A Sinister Twist

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Science  11 Aug 2000:
Vol. 289, Issue 5481, pp. 833
DOI: 10.1126/science.289.5481.833b

Despite outward appearances, humans are not bilaterally symmetric—our internal organs show pronounced left-right asymmetries in morphology and placement. How do these asymmetries arise during development?

The intestine of the nematode Caenorhabditis develops as a simple tube that eventually adopts a characteristic left-handed “twist” as a result of circumferential movements of cells at the anterior end. Hermann et al. find that induction of this twist requires the LIN-12/Notch signaling pathway. Initially all intestinal cells contain comparable levels of the Notch-related receptor LIN-12; however, contact with nonintestinal cells that express the Delta-related ligand LAG-2 and are present only on the left side of the intestine results in a selective reduction in LIN-12 levels on that side. This asymmetric pattern of LIN-12 is thought to underlie subsequent asymmetric cell-cell interactions involving a different LIN-12 ligand, APX-1, which in turn lead directly to the intestinal twist. — PAK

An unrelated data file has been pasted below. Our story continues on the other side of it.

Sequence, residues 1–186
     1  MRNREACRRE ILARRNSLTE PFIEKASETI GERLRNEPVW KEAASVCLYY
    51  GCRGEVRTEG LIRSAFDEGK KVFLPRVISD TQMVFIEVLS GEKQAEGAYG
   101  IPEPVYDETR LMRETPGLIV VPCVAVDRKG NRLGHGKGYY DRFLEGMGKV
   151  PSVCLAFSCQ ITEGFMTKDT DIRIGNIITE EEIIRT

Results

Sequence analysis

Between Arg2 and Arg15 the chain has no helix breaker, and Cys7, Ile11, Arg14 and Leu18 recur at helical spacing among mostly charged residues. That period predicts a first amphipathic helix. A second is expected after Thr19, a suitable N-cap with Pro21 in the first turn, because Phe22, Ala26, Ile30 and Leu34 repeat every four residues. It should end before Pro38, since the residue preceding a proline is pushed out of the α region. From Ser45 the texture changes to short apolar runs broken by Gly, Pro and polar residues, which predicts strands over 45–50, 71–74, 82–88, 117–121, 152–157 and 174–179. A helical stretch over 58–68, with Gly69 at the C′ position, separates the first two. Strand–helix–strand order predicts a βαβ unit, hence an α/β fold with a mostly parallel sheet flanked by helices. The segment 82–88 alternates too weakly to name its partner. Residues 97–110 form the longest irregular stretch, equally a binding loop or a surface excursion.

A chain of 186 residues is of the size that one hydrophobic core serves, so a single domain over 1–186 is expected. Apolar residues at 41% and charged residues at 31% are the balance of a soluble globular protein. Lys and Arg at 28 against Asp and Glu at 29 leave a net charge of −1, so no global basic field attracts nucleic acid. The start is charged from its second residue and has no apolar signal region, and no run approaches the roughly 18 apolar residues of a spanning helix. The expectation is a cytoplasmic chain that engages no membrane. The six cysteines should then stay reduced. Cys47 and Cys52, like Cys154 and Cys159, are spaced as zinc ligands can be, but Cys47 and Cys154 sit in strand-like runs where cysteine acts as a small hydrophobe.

Development127, 3429 (2000).

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